Busy, buzzy body business
Bzz. Bzzzzz. Bzzzzzzzzzzzzzz.
Walking into the Reno Hilton’s ballroom was like walking into a swarm of killer bees. The busy buzzing of dozens of tattoo needles and the wildly decorated, half-clothed bodies milling about combined for an audio-visual overload at the National Tattoo Association‘s 20th anniversary convention this weekend.
Guy Martynuik, owner of the preeminent Wells Avenue tattoo shop, Body Graphics, was the king bee of the hive, although after five nonstop days at the Hilton—seeing daylight for a scant 30 minutes during this stretch—Martynuik felt a bit more like a drone.
Over a couple of Budweisers and countless Marlboro Reds, Martynuik explained why tattoo artists and tattoo connoisseurs traveled from as far as Germany, Australia and Japan to attend the convention.
“Some of the best work in the world is done by these guys,” he said. “Everyone has their own unique style. You learn so much.”
Martynuik said tattoo artists come not only for the camaraderie, but to watch each other and share techniques. They also come for the competition, displaying body art that they’ve worked on all year. And believe it or not, tattoo artists have to attend seminars, too, with names like “Ethics in Tattooing” and “Tattoo Machine Maintenance.”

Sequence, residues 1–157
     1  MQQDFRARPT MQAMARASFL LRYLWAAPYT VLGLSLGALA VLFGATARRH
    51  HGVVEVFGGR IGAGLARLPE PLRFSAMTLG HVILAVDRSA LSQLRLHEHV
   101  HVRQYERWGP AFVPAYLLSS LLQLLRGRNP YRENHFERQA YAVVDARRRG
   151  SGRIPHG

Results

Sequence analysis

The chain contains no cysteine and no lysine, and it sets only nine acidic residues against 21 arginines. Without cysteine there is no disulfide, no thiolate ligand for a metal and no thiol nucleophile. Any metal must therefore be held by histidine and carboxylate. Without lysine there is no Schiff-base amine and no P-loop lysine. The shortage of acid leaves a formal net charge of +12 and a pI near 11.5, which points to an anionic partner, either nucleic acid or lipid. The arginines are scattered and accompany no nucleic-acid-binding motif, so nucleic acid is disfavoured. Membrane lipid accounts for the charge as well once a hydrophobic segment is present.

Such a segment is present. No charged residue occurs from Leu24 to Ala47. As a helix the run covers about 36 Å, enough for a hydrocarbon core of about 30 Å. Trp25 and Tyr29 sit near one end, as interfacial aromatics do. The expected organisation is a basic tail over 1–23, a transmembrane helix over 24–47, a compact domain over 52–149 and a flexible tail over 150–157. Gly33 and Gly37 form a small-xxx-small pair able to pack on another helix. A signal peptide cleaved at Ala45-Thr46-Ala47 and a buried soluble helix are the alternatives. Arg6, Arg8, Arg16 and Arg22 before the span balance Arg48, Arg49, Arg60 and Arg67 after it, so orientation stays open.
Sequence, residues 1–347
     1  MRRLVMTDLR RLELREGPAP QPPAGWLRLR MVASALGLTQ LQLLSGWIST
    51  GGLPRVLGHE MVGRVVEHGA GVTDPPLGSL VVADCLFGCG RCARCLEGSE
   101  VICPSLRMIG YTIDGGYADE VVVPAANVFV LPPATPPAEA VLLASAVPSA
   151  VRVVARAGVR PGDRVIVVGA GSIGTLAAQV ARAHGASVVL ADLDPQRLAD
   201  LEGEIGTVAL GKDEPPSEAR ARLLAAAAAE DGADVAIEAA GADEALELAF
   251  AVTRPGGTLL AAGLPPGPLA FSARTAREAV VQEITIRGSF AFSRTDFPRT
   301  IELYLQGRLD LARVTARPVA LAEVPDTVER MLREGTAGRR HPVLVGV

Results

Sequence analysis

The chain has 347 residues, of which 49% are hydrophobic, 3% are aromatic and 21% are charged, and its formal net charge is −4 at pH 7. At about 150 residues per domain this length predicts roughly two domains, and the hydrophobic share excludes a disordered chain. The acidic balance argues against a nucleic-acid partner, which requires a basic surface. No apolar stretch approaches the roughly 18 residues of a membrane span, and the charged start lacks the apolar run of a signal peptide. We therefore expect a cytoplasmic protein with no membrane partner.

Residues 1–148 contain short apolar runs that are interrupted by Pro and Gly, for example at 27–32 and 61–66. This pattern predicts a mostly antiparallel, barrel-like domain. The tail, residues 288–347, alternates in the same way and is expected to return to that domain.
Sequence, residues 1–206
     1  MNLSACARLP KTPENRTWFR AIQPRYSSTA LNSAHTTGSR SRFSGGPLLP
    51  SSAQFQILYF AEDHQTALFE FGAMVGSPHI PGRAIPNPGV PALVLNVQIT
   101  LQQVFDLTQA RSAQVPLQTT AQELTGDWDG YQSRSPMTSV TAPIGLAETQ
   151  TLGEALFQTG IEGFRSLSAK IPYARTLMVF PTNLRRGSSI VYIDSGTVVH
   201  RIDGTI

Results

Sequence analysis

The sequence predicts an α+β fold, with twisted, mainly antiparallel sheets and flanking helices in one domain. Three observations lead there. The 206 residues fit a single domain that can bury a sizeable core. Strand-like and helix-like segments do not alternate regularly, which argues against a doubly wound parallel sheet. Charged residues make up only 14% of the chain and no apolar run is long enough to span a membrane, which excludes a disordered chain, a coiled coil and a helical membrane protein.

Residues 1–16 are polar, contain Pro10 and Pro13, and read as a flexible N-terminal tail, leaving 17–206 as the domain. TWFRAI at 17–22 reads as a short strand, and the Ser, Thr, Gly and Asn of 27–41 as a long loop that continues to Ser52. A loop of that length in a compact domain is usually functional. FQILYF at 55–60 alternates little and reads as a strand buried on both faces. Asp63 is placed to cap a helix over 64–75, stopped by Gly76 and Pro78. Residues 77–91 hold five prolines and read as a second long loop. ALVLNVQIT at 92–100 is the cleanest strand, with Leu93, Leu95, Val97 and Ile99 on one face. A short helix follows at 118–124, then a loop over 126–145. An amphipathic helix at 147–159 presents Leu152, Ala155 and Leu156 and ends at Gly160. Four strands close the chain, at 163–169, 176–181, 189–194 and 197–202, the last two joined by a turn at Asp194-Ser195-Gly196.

Martynuik said this year’s convention was the biggest ever for the NTA, and he estimated that 20,000 people passed through the ballroom doors Saturday. There were 50 booths, 44 of which involved actively tattooing the masses, and a total of 197 tattoo artists were registered. And amazingly, with all the tattooers and tattooees wandering about the Hilton, there were no disturbances.
“They drank, they gambled and they caused no problems,” Martynuik said.
Maybe they were all high off the pain-induced adrenaline. Or maybe it was Zinger-flinging Suzy Switchblade, who tossed the gooey pastries as she go-go danced to the comic rockabilly tunes of the Saddle Tramps. Not many bands provide eye candy or mouth candy, much less both, and the hip-shaking and the free sweets probably helped keep the crowd in a cheerful mood.
The success of the convention bodes well for the future of tattoo fests in the Reno/Sparks area, and the NTA is considering bringing its annual event back to the area in 2004.
Martynuik especially credits the work of the Washoe County Health Department in this success, calling the department “instrumental in putting this together.” Martynuik said he spent roughly 40-50 hours working with the health department to assure the strictest health and safety standards for the tattoo artists, and all artists passed the test.
And for those with a taste for a different type of body decoration, the work done by Martynuik and the health department also opens the door for related events, like body piercing conventions.
Same pain, less bzzzzzzz.